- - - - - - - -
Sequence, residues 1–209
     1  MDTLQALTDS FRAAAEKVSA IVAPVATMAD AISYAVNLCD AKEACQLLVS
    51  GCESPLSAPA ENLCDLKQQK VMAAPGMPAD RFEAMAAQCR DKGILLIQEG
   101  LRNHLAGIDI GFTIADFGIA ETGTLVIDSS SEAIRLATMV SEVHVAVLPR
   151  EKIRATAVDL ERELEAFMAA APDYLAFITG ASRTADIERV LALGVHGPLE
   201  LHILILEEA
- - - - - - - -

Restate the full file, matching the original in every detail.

Sequence, residues 1–209
     1  MDTLQALTDS FRAAAEKVSA IVAPVATMAD AISYAVNLCD AKEACQLLVS
    51  GCESPLSAPA ENLCDLKQQK VMAAPGMPAD RFEAMAAQCR DKGILLIQEG
   101  LRNHLAGIDI GFTIADFGIA ETGTLVIDSS SEAIRLATMV SEVHVAVLPR
   151  EKIRATAVDL ERELEAFMAA APDYLAFITG ASRTADIERV LALGVHGPLE
   201  LHILILEEA